After also filling Lü Meng’s goblet, I proceeded to then fulfill my other womanly duties of performance, giving me a break from being a makeshift servant to make the men…aroused. Hey, 60% of the men there were already too intoxicated to see straight, so not a problem. Still, I never understood why my brother or Commander Zhou Yu let their wives dance so provocatively, but enough of that.

Before I was set to dance, a bit of a ruckus was heard. Normally, it can be ignored, since either an object dropped to the floor, or Zhou Yu saw another Zhuge Liang hallucination, but the cause was not the most frequented. Glad that my performance was cut short, I quickly scanned for the core of the disruption.

Lo and behold, it was none other than Gan Ning.

Now, the next piece of information will be forever locked away in my mind, unfortunately, but imagine a Gan Ning that started to act out of his composed character. Never have I heard such an immense string of curses to everything imaginable, but all of us knew that if it did happen, it would have come out of his mouth. Either Gan Ning or Lu Xun, we all predicted.

After his wonderful presentation, he proceeded to then show how “graceful” he was able to be as he struck some dramatic poses. Not only were they “graceful,” but quite…unbecoming. Yes, that’s the term.

As I said, I was spared of my performance that night, but Gan Ning seemed quite eager to be my replacement.

Because I’m not the greatest storyteller in all of China, let’s just set this situation as an equation. One Gan Ning, plus four or five kegs of exquisite, but just as alcoholic wine, and then add a light hearted atmosphere, and one gets a man making a fool out of himself. Badly.

Oh, but I’m not done! Take the left side of the above equation, and multiply it with its answer, and what would it be?

One very trashed boat. And because the equation is so special, one also gets one very ruined party.

So does it have good side? Well, this little incident did produce a lot of very happy people, as noted in their hysterical laughing once the shock absorbed through. Still, there was the downside of it all. One being in Gan Ning, who developed a serious hangover and threatened to hurt anybody who ever mentioned the incident to his face ever again afterwards.

The other was being in yours truly, who was assigned not only clean up duty for that night, but also given the title to make sure it never happened again. Though I am quite relieved to reduce the amount of alcohol I am to serve to the men, that does not omit the fact I still have to make them content.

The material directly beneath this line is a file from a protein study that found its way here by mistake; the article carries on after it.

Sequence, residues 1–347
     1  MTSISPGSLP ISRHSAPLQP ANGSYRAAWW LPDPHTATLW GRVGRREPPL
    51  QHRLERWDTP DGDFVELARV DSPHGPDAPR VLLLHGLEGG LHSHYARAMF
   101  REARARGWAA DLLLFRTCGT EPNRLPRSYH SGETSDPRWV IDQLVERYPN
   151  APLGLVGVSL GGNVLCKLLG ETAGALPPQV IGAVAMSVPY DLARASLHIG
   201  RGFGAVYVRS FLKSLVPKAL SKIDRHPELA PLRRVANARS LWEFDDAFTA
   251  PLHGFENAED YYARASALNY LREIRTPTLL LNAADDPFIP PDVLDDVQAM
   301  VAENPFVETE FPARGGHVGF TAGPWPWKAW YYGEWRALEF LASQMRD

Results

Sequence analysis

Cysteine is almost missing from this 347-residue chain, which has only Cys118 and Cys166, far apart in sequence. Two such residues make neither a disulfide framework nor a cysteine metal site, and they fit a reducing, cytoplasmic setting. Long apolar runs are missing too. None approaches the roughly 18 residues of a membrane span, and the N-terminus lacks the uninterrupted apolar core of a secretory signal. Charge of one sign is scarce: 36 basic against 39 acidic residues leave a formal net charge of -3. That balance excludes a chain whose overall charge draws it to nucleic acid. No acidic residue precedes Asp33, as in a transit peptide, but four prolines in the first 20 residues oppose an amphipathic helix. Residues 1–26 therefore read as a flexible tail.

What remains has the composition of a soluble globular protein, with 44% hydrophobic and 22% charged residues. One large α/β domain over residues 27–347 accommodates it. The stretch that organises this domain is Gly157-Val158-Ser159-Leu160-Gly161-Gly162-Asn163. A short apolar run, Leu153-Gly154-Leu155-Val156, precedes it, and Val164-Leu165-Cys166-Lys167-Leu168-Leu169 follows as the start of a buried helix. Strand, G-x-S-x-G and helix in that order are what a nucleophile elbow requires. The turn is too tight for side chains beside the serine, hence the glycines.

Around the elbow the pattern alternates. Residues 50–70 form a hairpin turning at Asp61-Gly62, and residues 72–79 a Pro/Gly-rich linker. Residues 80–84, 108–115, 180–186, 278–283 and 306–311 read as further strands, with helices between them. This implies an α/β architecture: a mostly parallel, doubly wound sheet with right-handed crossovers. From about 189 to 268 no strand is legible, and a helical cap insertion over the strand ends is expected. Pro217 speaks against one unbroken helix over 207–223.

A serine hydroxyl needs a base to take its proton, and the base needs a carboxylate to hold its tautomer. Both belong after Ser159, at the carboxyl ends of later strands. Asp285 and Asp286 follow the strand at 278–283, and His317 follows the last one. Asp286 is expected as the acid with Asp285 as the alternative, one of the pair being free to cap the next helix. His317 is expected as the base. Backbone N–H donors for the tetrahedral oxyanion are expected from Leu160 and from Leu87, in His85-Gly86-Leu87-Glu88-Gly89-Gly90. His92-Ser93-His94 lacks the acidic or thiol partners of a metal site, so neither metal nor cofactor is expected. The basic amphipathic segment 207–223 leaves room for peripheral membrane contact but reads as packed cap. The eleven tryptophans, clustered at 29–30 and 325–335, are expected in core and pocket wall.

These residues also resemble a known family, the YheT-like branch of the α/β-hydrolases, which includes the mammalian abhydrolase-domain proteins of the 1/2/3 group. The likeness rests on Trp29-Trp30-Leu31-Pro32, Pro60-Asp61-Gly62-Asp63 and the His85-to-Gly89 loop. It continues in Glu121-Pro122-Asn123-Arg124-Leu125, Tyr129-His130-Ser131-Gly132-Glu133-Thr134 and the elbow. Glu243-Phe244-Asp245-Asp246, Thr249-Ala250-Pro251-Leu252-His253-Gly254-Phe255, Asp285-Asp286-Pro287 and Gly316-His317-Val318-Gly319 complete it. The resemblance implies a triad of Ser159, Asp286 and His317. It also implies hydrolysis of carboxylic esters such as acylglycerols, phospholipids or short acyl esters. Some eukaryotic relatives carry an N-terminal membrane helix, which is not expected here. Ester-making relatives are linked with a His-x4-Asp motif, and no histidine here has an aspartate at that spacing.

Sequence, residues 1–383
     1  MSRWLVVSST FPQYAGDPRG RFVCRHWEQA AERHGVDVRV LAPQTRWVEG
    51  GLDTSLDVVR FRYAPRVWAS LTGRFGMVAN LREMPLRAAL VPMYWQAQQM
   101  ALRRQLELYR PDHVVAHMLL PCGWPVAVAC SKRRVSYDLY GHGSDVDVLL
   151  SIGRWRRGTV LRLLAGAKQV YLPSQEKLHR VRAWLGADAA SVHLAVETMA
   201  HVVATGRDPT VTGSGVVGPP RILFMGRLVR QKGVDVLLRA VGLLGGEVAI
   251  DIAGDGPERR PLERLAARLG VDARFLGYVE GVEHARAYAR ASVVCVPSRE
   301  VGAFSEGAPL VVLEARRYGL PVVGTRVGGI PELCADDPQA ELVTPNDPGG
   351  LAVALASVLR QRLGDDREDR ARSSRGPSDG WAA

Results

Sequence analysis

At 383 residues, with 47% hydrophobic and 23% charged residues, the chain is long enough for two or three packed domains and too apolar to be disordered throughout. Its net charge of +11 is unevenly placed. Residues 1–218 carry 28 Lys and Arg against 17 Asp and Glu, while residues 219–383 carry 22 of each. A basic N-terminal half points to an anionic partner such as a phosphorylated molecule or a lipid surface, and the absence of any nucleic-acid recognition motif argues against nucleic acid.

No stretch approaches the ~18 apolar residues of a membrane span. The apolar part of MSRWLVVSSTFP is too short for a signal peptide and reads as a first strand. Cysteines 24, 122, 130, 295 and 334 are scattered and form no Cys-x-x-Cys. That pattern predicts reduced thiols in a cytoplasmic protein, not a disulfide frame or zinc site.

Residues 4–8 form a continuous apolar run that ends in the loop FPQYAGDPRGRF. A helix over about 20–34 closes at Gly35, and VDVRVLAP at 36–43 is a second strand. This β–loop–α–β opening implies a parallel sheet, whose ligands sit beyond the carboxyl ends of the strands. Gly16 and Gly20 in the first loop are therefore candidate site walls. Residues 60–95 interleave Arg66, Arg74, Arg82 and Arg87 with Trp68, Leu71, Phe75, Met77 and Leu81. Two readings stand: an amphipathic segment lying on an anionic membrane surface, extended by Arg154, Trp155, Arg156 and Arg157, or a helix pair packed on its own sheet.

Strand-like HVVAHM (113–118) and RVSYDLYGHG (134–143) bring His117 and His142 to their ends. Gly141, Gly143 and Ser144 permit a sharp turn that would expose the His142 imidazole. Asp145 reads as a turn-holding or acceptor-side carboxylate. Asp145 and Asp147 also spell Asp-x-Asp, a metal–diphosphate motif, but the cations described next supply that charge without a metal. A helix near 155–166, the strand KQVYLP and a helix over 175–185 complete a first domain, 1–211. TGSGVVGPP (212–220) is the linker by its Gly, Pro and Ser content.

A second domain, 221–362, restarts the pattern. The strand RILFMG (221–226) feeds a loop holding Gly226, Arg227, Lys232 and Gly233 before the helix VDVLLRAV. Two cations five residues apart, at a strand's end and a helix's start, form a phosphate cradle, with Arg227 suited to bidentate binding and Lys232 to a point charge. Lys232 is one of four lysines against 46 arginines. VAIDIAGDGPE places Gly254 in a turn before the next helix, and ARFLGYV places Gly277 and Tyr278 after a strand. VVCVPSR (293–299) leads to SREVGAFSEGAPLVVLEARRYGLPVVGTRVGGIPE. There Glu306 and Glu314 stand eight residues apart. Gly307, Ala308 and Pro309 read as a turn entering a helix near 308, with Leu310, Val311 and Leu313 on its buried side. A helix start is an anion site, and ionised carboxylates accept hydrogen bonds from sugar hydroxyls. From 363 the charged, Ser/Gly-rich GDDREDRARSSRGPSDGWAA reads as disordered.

So I still must serve them the damn beverage. Really, what is wrong with have water instead? Yes, it contains who knows what, but at least strong men won’t loose their common sense with this drink. Their life, yes, but not their common sense.

Ah, quite the lose-lose situation, isn’t it?

Here I am, the sister of one of the greatest Lords ever to grace China, a so called “princess,” and a pretty darn good warrior. Reduced to making men weak by the ungodly substance that is, and ever will be, wine.

It’s not so bad if I could do this to, say, Cao Cao or Lu Bu, but to my own colleagues is preposterous. Funny, how no one will realize such a startling truth.

And poor Gan Ning, who is my one and only victim to my subconscious, unwilling bidding. The sad part is that he still insists on breaking the “Huang Gai Can Make Stuff that go BOOM!” boundary.

Being a “princess” truly isn’t glamorous, but destiny and fate are so closely intertwined, and to stop it is to upset such the balance the divine has set before us. That’s life though, and I am bound to follow it through.

This is the musings of a makeshift waitress, once again following her “destiny” to serve nourishment to the men of Wu. Oh look, I think Gan Ning has reached a new boundary: The “Sun Quan’s Sword is Pointy!” boundary. Now I must meet my “fate” as I attempt to quelm him down before another massacre occurs.

Whoever is listening, please take note that however strong and confident I may seem while I am in the battlefield, it does not necessarily apply to everywhere. And if there is anyway to cure a hangover, I would appreciate the directions very much.

Once again, this is Sun Shang Xiang, member of the prestigous Sun family, loyal warrior of Wu… and now a target of regurgitation.

Copyright © 2004 Gravity